Stewart Walker

Athens, Georgia is a town often associated with the indie-pop melodies of REM, but it also happens to be home to one of techno’s most promising new talents

By Nick Craddock

 
Stewart Walker is somewhat of a maverick in this respect – having grown up far from the close-knit musical communities of Detroit and Chicago, his path into techno was forged independently. Drawing early inspiration from the dense textural guitar washes of British ‘shoegazing’ bands Lush and My Bloody Valentine, he was at first moved to pick up the guitar but found himself more interested in experimenting with guitar noise and effects pedals than song writing. An avid interest in British music magazines such as the NME introduced Stewart to early electronic pioneers 808 State, The Orb, and the output of the fledgling Warp and Rephlex labels and accordingly, his interest shifted to the sound of synthesisers. After High School he sold his guitar and bought his first analogue synth. Bitten by the bug, he began assembling pieces of kit throughout his time at college – working part time jobs in order to save money. Initially, he had no access to MIDI equipment and so early experimentation was based around the manipulation of individual tones and sounds. In 1995, Walker left college in favour of a more defined focus towards his music – "Much of my artistic development grew in tandem with each new piece of equipment I bought. My musical aspirations occurred independently of any scene so I didn’t have access to anybody’s studio. Thus I had to work full time and build my studio at the same time. For at least a year I went through an ambient production phase because I sold my 909 for an apartment deposit. Acquiring a sampler in this period then revolutionised my whole production process."

By 1997, he was confident enough in his output to start approaching labels with material. His first release – the minimal drum orchestrations of Amphetamine Sulphate, came out on Sean Deason’s Matrix label in October of that year. This was quickly joined by the Horizontal Transfer 12" on the Deepfried imprint, which hinted at a deep textural approach which would later come to the fore of his productions. A string of releases followed over the next two years on a mixture of both US and European labels, fuelling Stewart’s growing reputation for quality productions which were as suited to the home-listening environment as they were the DJ set. A view further enforced by his debut long player; Stabiles - from October of 1999, which represented the consolidation of Walker’s strongly rhythmical, hypnotic style; "My music is all groove with very little additional decoration. My ideal for techno music has always been to make tracks which are definitely changing but in such a subtle way that the changes are not noticeable unless you compare different parts of the track... I’ve always appreciated the home-listening side of electronic music alongside the more club-oriented tracks. With Stabiles my goal was to specifically bring techno beats into a home listening environment."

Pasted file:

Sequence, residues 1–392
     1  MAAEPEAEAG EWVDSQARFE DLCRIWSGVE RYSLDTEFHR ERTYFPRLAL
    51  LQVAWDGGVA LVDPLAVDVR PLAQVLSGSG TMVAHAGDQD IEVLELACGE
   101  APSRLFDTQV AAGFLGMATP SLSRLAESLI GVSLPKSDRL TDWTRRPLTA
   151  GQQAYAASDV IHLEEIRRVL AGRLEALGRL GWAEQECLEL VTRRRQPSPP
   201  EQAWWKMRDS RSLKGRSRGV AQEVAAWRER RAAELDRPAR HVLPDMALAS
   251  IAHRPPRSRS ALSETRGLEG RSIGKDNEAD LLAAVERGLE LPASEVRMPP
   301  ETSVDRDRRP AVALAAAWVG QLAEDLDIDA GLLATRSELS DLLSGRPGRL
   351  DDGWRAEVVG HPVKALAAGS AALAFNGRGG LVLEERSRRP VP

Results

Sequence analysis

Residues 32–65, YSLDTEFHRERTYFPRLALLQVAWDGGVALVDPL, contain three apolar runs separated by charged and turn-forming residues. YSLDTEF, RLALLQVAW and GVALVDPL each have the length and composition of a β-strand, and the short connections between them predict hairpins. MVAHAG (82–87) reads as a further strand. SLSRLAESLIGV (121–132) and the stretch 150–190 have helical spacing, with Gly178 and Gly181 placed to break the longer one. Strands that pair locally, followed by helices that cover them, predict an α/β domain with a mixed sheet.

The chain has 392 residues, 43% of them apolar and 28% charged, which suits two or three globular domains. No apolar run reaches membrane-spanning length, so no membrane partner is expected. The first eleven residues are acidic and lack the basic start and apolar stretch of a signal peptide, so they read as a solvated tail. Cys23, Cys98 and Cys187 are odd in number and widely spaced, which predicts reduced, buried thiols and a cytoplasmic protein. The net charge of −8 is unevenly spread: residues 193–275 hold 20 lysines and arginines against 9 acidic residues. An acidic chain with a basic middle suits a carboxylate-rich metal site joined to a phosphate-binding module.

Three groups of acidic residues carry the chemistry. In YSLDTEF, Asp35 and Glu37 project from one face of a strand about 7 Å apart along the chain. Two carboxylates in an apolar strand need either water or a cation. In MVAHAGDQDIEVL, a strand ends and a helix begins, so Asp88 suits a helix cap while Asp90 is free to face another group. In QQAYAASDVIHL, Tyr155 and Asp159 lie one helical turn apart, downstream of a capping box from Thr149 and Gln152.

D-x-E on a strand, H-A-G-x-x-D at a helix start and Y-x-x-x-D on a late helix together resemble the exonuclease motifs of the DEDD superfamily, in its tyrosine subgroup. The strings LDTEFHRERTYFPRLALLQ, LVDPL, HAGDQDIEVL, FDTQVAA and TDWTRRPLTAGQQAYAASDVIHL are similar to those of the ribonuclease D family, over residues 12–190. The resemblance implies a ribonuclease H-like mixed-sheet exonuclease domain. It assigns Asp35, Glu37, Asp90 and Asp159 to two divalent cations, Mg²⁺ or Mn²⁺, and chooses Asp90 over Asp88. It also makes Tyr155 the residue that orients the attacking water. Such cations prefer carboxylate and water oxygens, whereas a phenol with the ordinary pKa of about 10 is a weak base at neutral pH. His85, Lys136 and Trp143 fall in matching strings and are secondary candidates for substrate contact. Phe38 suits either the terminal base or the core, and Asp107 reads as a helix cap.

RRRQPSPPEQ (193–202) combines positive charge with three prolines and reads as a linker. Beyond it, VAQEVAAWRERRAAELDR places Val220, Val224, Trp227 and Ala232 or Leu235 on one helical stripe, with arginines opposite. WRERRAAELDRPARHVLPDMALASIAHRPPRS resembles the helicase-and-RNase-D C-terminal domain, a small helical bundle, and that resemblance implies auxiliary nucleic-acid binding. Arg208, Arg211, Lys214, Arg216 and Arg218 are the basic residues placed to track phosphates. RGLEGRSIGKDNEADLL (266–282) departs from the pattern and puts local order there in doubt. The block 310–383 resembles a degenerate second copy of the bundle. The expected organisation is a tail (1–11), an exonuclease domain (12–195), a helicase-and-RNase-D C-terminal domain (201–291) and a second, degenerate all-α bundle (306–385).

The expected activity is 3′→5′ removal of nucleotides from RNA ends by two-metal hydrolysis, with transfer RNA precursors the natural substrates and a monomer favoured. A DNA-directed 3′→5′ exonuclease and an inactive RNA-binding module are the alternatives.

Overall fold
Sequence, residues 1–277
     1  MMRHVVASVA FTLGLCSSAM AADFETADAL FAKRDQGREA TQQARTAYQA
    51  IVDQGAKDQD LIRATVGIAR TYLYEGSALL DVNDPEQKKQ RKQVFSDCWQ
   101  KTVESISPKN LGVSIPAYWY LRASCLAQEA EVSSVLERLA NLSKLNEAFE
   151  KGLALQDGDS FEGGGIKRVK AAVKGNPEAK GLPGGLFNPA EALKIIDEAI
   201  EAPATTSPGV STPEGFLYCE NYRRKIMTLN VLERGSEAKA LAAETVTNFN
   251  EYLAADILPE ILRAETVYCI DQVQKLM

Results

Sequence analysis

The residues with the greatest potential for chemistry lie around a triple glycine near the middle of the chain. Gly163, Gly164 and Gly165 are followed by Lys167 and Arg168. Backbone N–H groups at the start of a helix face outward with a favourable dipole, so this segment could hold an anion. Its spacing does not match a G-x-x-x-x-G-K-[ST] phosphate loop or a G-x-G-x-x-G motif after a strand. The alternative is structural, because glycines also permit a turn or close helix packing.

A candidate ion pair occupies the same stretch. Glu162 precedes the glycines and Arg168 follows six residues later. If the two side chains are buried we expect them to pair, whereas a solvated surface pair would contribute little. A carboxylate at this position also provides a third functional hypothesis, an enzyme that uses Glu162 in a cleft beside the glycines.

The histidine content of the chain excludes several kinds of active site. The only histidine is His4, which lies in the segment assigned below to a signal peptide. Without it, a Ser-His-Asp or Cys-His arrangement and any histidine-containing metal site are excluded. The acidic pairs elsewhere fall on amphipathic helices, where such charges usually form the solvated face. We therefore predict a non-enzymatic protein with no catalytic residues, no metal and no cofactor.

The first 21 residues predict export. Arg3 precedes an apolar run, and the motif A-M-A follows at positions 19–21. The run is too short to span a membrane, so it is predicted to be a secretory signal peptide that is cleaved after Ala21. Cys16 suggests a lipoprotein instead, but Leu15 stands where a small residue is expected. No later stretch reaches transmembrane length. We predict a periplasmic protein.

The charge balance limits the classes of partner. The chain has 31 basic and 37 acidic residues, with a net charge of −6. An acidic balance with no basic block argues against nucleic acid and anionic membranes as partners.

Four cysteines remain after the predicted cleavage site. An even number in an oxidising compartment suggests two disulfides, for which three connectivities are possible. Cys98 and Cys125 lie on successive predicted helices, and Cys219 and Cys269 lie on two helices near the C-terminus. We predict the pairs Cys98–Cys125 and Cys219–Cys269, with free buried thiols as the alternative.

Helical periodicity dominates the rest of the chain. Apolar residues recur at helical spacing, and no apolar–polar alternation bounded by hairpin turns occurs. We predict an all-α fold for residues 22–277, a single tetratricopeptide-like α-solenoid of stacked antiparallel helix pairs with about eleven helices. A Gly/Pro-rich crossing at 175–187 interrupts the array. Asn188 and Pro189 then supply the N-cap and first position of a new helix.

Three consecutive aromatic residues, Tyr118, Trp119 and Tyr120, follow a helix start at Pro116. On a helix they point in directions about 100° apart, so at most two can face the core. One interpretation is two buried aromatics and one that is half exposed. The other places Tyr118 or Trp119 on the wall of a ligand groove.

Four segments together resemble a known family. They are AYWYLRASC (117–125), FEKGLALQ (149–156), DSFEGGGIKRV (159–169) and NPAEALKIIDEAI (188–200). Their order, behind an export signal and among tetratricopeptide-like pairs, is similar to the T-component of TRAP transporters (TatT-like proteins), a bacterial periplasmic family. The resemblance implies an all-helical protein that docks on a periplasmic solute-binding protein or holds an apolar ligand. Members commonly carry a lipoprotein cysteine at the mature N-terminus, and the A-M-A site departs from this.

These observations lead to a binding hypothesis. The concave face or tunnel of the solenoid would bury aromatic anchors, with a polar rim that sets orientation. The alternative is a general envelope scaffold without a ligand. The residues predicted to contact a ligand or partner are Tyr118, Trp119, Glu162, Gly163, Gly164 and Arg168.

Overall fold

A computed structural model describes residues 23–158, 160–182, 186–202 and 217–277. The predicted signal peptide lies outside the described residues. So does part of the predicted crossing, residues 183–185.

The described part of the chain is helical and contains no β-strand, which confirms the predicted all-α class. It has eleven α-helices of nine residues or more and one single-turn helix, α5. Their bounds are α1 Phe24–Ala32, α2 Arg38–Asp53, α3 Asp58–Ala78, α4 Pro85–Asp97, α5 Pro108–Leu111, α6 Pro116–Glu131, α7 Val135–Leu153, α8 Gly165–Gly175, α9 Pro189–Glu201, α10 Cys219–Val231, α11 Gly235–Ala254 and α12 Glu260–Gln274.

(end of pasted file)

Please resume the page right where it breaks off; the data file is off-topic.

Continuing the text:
Building on the success of the album, Walker toured the US and Germany with his live performance, an experience which he found rewarding – "I felt that live shows would give me more of a challenge and more room to grow as a producer. There are so many ways to offer a live show that is very exciting. As much as I respect DJ’ing, I think it is one hundred percent cooler to see a live performer and know that every piece of music they play is their own."

The Granular Synthesis 12" on Mille Plateau, and split single with Theorem on Richie Hawtin’s‘THX offshoot marked a return to the release schedule, and he has also been feverishly working on a larger body of work which should find it’s way into shops over the late half of this year, perhaps in the form of several different EPs. Although the transition from touring to production was one which he initially found difficult, feeling that he was becoming bogged down with the day to day business side of things, he is pleased with the recent fruits of his labour. In particular, he cites a remix for Carsten Nicolai’s Alva Noto project on Force Inc as one personal favourite.

Walker is spending the summer living in Berlin while he tours in Germany more extensively – a prospect he is enthusiastic about – "I have been remixing and reprogramming the music you hear on records so that the live show would have elements of familiarity but not sound like I was simply playing back old sequences. I think the people who have seen my show would agree that there is definitely a lot of live manipulations happening. Normally I play an hour of music, with my goal being to perform live for 2 hours every time, just so I can perform all of the places that DJ’s play and hopefully make live shows as accessible and flowing as a quality DJ set."

With a UK date just recently added to his schedule, the near future is looking busy for Stewart, but what about long term plans? "I’ve always said that when I’m fifty I’ll probably quit recording music and instead begin making sound sculptures like mechanical wooden drum machines. But for the present, making music is it for me. I’d like to change the method I make music in the near future after my touring season, but I don’t want to discuss how I will do it until I try it and it actually works." I look forward to listening.
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